According to the Times: “Mr. Ryland was a top player in the American Tennis Association, a Black organization, winning its men’s singles titles in 1955 and 1956. In 1959, then in his late 30s, he was invited to join Jack March’s World Pro Championships, and was paid $300 for playing a tournament in Cleveland.” That, according to the Black Tennis Hall of Fame, made him the first professional Black player.
Jack March was actually my father’s first cousin, but my grandparents raised him as my father’s brother. He was given tennis lessons and a private school education. At some point, he changed his name from Jack Le Massena to Jack March ( it was because they used to tease him by calling him Jack the “lemon squeezer.”) Maybe that’s why he was so inclusive later in life — inviting Black players like Bob Ryland and Althea Gibson to participate in his tournaments. Jack was also known to quietly usher them into private clubs to practice, usually early morning before they opened.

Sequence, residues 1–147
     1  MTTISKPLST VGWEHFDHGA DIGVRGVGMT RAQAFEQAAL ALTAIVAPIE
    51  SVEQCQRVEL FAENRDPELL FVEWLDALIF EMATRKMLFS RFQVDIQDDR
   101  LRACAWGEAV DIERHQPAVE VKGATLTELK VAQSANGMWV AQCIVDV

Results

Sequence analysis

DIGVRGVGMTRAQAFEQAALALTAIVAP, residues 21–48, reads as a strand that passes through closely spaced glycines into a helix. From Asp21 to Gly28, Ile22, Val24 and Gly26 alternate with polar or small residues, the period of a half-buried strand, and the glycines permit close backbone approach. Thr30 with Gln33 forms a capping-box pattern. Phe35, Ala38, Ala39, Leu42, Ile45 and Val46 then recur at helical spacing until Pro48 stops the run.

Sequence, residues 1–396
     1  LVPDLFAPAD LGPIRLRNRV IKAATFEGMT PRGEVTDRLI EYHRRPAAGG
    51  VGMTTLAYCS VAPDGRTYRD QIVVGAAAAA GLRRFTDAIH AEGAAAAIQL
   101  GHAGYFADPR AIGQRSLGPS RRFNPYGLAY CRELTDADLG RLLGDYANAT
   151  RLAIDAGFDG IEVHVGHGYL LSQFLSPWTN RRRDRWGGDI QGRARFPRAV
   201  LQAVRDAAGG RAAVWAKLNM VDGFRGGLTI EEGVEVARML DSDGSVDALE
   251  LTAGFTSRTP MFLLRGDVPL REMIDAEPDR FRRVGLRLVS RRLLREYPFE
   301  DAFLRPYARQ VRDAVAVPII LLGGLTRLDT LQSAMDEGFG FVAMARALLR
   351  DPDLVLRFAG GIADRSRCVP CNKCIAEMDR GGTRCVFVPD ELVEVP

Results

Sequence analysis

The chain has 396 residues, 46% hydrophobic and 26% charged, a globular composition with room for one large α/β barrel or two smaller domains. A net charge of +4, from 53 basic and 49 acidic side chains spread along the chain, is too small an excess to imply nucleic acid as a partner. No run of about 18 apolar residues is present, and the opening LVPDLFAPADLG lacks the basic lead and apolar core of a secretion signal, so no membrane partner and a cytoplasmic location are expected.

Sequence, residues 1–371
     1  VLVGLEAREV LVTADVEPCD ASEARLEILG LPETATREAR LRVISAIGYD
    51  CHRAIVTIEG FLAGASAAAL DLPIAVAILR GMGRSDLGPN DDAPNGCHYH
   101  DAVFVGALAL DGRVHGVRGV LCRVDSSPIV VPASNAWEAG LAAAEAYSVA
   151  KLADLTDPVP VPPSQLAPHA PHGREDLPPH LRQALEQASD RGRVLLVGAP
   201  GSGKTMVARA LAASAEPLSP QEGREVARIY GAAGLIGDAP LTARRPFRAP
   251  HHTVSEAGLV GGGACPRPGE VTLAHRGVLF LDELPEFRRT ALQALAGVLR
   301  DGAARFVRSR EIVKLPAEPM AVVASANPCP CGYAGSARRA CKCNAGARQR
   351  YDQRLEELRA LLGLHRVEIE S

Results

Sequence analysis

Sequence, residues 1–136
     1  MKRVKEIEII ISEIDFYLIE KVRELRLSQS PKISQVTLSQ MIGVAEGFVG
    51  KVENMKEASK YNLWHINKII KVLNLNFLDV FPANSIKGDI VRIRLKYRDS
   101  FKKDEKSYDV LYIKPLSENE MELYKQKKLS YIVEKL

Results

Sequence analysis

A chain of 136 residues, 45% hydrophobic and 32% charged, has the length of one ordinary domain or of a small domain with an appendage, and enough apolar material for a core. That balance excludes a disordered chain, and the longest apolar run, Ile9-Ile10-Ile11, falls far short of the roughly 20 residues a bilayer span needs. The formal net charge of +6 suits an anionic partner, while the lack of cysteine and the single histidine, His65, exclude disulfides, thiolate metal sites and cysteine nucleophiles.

Being a few years older than my father, Jack was naturally always a little better player. And as you can see in their 1936 Hackley team photo, my father always looked up to him (note the way he holds his racquet!).
My grandfather, Frederick V. Krais (1900-1966), was a founding member of the Eastern Tennis Umpires Association and “morally opposed” to tennis becoming a professional sport. He wrote a “strong letter” to the USLTA stating that he thought it would lead to “unsportsman-like behavior,” like gambling. Clearly, that was a battle he didn’t win!